In today’s Gospel, Jesus gives the disciples his commandment, “that you love one another as I have loved you.” After eight years here, I hear Calvary’s commandment: that I go out into the world and love as I have been loved here.
At the end of the day, love is grace. Endless, undeserved, unexplainable grace for ourselves and others, for our quirks and mistakes. Grace.
But what I do trust is that we were brought together by the Holy Spirit, whose reconciling work in the world happens through our hopeful and failing selves. The church is one of those rare places in the world where we voluntarily enter a room with people we just don’t get. You sit down by strangers and hear that those who do not love do not know God, and sometimes you you feel deeply the implications of such a belief — you fearfully declare it the Word of the Lord. You look around the room and wonder if you’re up to the work. You look inside yourself and find a heart capable but not always willing, itself a maze of excuses and excesses and anxieties that keep you from knowing your true self — the one beloved and redeemed by God.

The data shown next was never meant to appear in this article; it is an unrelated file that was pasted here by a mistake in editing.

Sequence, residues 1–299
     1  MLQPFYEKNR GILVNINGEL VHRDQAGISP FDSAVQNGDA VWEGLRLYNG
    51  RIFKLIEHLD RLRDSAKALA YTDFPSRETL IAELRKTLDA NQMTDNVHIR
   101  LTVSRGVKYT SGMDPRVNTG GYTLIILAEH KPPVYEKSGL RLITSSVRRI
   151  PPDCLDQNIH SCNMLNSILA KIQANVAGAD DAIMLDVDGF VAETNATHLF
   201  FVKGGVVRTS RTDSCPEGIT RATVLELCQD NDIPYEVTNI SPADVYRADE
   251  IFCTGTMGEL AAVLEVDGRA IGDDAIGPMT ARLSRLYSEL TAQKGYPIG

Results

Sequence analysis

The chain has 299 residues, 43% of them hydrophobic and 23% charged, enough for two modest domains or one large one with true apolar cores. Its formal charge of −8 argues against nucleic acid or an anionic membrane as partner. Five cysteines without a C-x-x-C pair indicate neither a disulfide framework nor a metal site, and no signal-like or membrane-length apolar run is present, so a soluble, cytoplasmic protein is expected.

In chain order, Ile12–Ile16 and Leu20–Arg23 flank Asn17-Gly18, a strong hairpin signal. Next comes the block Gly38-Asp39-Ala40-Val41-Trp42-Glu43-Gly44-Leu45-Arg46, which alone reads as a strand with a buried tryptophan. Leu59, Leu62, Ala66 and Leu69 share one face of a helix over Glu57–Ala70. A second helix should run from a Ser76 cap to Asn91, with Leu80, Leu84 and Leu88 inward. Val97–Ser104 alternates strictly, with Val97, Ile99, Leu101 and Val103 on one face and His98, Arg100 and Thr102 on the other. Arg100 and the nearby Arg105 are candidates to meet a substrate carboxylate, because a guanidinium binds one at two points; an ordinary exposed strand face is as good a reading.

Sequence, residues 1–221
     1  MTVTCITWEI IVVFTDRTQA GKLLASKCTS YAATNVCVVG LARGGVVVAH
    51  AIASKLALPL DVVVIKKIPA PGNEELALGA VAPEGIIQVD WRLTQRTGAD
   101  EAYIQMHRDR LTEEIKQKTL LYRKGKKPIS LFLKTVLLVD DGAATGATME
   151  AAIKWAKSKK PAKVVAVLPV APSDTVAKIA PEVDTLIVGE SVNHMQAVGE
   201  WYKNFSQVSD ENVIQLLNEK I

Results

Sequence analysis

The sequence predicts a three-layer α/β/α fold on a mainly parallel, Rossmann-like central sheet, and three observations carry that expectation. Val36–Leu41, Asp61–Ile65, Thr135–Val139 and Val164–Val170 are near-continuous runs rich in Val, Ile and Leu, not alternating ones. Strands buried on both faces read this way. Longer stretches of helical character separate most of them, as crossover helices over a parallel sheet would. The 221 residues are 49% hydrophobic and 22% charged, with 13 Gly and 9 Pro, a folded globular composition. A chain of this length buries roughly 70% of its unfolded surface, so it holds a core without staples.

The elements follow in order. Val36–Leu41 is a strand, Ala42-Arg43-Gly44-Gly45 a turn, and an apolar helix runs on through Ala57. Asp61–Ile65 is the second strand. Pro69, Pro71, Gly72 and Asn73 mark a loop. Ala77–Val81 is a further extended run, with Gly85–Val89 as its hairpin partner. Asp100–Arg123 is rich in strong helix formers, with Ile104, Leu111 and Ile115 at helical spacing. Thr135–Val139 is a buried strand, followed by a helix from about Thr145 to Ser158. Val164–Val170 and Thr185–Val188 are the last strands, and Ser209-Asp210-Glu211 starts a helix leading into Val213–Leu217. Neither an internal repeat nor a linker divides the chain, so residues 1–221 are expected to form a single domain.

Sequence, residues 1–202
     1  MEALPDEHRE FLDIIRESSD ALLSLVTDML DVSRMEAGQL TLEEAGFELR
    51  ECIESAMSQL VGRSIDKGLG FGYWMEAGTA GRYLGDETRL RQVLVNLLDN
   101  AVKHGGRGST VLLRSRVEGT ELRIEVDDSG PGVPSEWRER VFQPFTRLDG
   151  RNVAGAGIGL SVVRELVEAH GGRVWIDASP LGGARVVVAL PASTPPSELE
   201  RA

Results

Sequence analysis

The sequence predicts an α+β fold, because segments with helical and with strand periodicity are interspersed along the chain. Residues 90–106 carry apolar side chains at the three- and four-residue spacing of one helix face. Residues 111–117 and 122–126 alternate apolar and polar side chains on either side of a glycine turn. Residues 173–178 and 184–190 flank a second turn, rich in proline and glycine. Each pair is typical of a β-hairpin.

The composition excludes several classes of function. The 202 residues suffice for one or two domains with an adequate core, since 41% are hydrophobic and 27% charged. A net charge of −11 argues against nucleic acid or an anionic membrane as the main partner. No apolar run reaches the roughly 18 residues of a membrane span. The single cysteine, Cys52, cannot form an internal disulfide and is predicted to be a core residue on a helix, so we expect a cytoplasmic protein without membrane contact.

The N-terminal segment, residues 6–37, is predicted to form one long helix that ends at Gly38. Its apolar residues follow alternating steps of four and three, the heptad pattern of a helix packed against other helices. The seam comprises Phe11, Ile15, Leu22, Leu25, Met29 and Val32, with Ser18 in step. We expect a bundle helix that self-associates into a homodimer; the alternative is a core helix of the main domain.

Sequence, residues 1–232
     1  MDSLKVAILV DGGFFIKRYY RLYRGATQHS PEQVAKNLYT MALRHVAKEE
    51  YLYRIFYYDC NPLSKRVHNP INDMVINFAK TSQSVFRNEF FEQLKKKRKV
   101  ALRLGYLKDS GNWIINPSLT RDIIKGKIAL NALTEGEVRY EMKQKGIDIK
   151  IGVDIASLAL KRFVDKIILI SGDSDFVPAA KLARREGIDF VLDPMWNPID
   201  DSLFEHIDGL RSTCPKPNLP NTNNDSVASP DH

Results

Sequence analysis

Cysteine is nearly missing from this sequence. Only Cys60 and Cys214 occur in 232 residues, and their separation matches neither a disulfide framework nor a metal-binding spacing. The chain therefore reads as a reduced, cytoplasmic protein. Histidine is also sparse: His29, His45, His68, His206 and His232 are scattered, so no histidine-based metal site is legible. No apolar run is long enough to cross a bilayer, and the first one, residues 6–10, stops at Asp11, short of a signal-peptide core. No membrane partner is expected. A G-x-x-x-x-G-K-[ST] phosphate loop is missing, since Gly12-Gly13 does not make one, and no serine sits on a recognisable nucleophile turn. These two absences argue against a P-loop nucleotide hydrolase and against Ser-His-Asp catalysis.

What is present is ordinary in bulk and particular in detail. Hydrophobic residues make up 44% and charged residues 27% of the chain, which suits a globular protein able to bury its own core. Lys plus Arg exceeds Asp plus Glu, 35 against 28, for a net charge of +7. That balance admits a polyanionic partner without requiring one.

Throughout this past year and in the time going forward, it means everything to know that the Lord is with us, and that his rod and staff comfort us. We are called to share this comfort with one another, to help each other find and go down the right paths, to wipe away one another’s tears.
So, what if Easter is about letting go of some of our concrete expectations and understandings, and learning to see deeper connections and patterns and meanings, the timeless way, a quality without a name in our faith beneath its familiar forms?